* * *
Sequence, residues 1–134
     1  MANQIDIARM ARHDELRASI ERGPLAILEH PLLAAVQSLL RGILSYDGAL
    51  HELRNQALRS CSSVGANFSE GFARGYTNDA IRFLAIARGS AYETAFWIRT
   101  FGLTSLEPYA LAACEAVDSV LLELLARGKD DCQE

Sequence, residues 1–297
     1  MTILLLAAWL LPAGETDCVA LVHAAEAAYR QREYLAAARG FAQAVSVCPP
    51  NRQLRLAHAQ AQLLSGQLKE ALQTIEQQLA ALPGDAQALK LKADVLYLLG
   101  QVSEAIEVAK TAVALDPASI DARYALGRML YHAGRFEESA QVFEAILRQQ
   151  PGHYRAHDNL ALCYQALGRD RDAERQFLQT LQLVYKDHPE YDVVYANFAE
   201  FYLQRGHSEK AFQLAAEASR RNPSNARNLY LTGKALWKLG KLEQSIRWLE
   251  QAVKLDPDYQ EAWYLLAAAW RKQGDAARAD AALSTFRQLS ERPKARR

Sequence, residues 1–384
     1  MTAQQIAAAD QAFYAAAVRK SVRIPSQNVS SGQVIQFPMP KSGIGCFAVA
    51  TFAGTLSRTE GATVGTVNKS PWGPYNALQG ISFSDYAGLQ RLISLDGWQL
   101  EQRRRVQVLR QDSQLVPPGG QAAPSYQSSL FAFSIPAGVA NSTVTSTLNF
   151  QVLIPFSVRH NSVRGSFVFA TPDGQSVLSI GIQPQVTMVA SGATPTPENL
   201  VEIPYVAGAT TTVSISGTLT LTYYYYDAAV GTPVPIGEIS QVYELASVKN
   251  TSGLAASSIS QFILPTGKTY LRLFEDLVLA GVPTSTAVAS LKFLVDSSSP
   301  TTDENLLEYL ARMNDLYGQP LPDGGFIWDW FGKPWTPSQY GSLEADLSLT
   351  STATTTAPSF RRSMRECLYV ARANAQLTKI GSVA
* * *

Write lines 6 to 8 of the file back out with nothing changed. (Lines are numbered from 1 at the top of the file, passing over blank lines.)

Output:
     1  MTILLLAAWL LPAGETDCVA LVHAAEAAYR QREYLAAARG FAQAVSVCPP
    51  NRQLRLAHAQ AQLLSGQLKE ALQTIEQQLA ALPGDAQALK LKADVLYLLG
   101  QVSEAIEVAK TAVALDPASI DARYALGRML YHAGRFEESA QVFEAILRQQ